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For thousands of years, prophets, priests and pastors have served as the voice of spiritual, moral, cultural and governmental accountability to the laws and sovereignty of God. The clergy during the colonial era were known as the “Black Regiment” and were feared by the British for their role in birthing the fire of freedom. Pastors like Lyman Beecher, Charles Finney and hundreds of others among their peers stirred the flames of abolition, temperance and racial justice.

We could list columns of names and situations of those filling pulpits who took responsibility for the condition of their flock, their community and their nation. However, beginning sometime in the last 100 years, a new “Gnosticism” asserted itself, an old heresy asserting that only the spiritual has value and that all things physical are evil.

As Christian historian Timothy Paul Jones describes the distinction exposing the lie of Gnosticism, “For Christians, salvation isn’t a spiritual retreat from the physical realm; it is a renewal that unites and restores both realms.” Our salvation brings hope for redemption to every aspect of the physical creation and created order.

From the first century Christians on, the Cultural Mandate given by God to his stewards in Genesis was accepted to mean that everything on earth is under God’s sovereignty, under our stewardship, and therefore “our business.” As false teachings crept in over the last century, the church moved into a sacred-versus-secular separation that opened the door wide for many kinds of evil to triumph.

In “The Late, Great Evangelical Church,” by C. Vaughn Doner, nationally renowned theologian, and biblical scholar Dr. Jay Grimstead, the authors state, “The studied creedlessnes of American Protestantism … its ignorance of the teaching of Scripture, its preoccupation with millennialism, its anti-sacramental and anti-ecclesiastical bias are all indicators of an essentially Gnostic worldview.”

Does it really matter as long as we “preach Jesus crucified and rose again”?

Thankfully, there are many pastors and theologians who would say there is much more to Christianity than just preaching the salvation message, doing Bible studies and waiting for the rapture. Among them was legendary evangelist of the first Great Awakening, Charles G. Finney, who wrote in “The Decay of Conscience” in 1873:

“Brethren, our preaching will bear its legitimate fruits. If immorality prevails in the land, the fault is ours in a great degree. If there is a decay of conscience, the pulpit is responsible for it. If the public press lacks moral discrimination, the pulpit is responsible for it. If the church is degenerate and worldly, the pulpit is responsible for it. If the world loses its interest in religion, the pulpit is responsible for it. If Satan rules in our halls of legislation, the pulpit is responsible for it. If our politics become so corrupt that the very foundations of our government are ready to fall away, the pulpit is responsible for it. Let us not ignore this fact, my dear brethren; but let us lay it to heart, and be thoroughly awake to our responsibility in respect to the morals of this nation.”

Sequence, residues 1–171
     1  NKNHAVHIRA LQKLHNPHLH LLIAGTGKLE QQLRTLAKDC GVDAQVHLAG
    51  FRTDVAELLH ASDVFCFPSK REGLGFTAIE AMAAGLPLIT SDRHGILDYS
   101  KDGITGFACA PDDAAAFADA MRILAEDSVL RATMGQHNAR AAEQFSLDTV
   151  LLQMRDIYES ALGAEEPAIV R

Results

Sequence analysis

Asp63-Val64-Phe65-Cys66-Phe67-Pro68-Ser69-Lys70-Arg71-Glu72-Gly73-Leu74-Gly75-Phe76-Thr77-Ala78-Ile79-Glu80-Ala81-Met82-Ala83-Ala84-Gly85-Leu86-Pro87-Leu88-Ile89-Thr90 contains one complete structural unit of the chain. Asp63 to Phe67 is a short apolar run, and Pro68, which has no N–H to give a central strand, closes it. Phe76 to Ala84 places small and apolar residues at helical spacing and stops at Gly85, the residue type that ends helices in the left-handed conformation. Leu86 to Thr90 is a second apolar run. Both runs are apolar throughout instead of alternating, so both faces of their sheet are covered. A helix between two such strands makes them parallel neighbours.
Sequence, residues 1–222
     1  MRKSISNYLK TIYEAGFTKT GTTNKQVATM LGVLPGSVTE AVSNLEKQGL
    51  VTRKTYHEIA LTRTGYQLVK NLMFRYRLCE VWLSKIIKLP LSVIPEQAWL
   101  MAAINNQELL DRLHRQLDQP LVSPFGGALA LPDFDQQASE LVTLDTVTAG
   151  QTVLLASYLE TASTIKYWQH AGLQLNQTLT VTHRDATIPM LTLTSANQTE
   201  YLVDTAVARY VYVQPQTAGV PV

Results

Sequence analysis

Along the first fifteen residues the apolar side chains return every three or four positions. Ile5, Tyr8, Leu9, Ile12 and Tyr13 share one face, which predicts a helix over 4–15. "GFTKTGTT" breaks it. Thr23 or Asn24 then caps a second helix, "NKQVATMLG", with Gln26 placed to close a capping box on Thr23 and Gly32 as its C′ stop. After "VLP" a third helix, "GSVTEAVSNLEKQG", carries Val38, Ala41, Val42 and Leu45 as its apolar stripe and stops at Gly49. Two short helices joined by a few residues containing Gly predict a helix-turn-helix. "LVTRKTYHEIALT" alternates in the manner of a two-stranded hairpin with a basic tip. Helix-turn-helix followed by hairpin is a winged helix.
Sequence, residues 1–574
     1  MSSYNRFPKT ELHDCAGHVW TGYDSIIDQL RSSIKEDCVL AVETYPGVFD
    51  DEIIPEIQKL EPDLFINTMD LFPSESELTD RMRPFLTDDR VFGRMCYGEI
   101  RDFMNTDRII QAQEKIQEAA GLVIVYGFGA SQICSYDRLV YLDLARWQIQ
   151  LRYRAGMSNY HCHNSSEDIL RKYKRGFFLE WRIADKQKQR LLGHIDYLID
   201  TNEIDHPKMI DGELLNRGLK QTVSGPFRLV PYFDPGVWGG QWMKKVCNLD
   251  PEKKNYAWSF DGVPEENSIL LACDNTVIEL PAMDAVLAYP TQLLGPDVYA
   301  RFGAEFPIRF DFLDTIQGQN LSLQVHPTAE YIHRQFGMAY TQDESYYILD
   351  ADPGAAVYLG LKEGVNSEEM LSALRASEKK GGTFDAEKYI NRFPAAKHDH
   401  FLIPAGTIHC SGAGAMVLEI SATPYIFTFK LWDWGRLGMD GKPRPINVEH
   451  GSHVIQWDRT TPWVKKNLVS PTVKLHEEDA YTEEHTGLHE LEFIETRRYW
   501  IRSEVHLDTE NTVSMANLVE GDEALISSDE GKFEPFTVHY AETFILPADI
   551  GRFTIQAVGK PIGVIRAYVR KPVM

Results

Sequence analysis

The birth and growth of myriad Christ-based social betterment ministries like Prison Fellowship, Samaritan’s Purse and thousands of others in recent decades is certainly positive and have produced a veritable explosion of street-level work to serve great needs in His name. Most evangelical pastors now accept the premise that we should take care of the hurting and needy among both church and community – although we could do it much better.

How are we doing if we really accept, dissect and apply Rev. Finney’s statement, and measure our nation today in the categories of:

  • Immorality prevailing in the land;
  • Decay of conscience – reprobate minds;
  • Lack of public moral discretion – moral relativism;
  • A degenerate (worldly) church;
  • Decreasing interest in biblical Christianity by the churched and unchurched;
  • Satan dominating halls of legislation; and
  • Corrupt politics threatening the foundations of government.

We are sick, and the pulpits are largely at fault. It is certainly not because we lack great pulpiteers, personalities and promoters. What, then, is the root problem? Or, like the old commercial of a national fast food franchise, “Where’s the beef?”

Pastors must get back to putting the call to make disciples and teach the people “all that I have commanded you” (Matthew 28:18-20) ahead of church as usual. Preach the unvarnished Word of God rather than telling stories salted with a few Scriptures. Will it empty some pews? Undoubtedly. Will it make you more popular and a pop icon? Most likely not. Will it restore the power of God to the church and bring healing to our land? It always has.

We are at a point where thousands of pastors across America must take the challenge, honestly assess whether we are accepting the full mandate in every area shown above and providing the “offensive” leadership that the church so desperately needs. The cost of not doing so can already be measured in broken lives and a weak nation.

Our God demands more and our people deserve better, so bring it on!

 


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